Chart Better with
Electronic Health Records

EHR

The Case for Electronic Health Records

While it does require a concentrated effort on the part of the entire practice team to successfully implement an Electronic Health Record (EHR) system, many practices have already done so and are happy with the results. Some were not happy with the system selected, and had to try again. Although it was mostly early adapters or those looking to take advantage of incentives that jumped on the EHR bandwagon, the rest of the practices will not have a choice in the matter very soon.

Practices that successfully implement an EHR system will recognize many benefits including:

  • Less space required for paper records means more space available for productive office activities.
  • Better use of administrative personnel.
  • Increased accuracy with direct input to the record instead of relying on a transcriber.
  • Easier exchange of information.
  • Speech recognition capabilities enable more efficient data input.
  • Cloud backup capabilities so no information is lost due to natural disaster.

With an effective EHR, the provider has reliable access to a patient’s complete health information, which can lead to a quicker and more accurate diagnosis. In addition, EHRs can assist in Risk Management and Liability Prevention efforts due to the ability to aggregate, analyze and assess all patient information in one place. They provide an easily legible record in the event a lawsuit is filed against the practitioner.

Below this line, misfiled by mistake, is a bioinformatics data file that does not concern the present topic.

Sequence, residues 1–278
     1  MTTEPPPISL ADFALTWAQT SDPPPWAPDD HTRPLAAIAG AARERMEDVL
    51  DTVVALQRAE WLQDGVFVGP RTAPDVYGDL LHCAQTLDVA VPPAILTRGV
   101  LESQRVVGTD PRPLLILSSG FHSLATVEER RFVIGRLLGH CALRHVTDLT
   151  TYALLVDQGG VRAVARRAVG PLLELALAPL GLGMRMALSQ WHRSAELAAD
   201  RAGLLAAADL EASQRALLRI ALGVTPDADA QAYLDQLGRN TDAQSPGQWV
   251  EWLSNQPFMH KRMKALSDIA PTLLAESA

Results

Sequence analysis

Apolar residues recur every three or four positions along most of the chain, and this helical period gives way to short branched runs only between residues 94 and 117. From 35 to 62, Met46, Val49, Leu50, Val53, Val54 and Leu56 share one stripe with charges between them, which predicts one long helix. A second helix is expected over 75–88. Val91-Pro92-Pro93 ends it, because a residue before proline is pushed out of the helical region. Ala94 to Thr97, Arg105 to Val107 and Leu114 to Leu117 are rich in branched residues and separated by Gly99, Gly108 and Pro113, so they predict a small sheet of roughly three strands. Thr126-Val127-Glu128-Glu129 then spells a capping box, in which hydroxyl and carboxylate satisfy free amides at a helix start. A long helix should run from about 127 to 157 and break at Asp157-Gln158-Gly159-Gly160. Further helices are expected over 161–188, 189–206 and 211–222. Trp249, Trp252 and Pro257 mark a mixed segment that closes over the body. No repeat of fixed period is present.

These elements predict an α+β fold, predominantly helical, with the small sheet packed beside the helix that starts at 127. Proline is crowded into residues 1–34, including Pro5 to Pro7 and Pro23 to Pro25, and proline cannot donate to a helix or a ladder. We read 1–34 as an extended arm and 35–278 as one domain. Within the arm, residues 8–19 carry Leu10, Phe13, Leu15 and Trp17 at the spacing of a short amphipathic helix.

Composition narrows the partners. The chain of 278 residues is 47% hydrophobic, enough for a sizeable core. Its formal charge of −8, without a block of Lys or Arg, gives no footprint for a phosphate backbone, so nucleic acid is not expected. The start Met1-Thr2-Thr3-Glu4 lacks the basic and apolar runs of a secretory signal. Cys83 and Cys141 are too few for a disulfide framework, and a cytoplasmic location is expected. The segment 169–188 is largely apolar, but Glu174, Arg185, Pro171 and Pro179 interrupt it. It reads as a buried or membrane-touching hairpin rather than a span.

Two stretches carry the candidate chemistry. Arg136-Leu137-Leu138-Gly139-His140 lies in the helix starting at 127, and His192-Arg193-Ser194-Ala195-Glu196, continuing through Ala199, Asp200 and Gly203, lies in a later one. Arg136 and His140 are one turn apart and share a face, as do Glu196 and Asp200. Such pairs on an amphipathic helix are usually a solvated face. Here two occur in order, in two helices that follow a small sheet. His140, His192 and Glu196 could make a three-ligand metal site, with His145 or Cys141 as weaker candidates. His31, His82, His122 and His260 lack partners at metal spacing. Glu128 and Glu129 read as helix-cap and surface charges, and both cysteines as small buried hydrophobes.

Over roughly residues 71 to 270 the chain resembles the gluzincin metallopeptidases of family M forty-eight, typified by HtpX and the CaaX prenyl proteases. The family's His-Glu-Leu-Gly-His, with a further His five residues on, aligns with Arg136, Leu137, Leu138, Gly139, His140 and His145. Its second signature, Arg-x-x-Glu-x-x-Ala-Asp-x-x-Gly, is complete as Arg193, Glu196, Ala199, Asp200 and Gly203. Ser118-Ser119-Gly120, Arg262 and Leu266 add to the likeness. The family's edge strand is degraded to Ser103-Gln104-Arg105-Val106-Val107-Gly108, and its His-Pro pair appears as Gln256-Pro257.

Finally, and perhaps most importantly, EHRs provide an invaluable assist to the billing task. Information is gathered quickly and accurately, and can easily be sent on to the insurance company or government entity for claims processing. This results in better Revenue Cycle Management.

Factors to Consider When Switching EHRs

If you do decide that your practice needs an EHR replacement, one of the biggest challenges will be managing the data migration from the old EHR to its replacement. You’ll need to develop a step-by-step plan with a specific testing phase and “live” goal. Talk to your staff and come up with a list of requirements based on your practice and specialty needs, and compare your needs against what the various vendors provide.

Make sure you work with a company that will help make the process proceed efficiently. Other factors in deciding which EHR is best for your medical practice include:

  • Impact
  • Usability
  • Interoperability
  • Flexibility
  • Upgrades
  • Cost
  • Reputation

A Consultation

For more information on the benefits of switching EHRs, read our Knowledge Drop.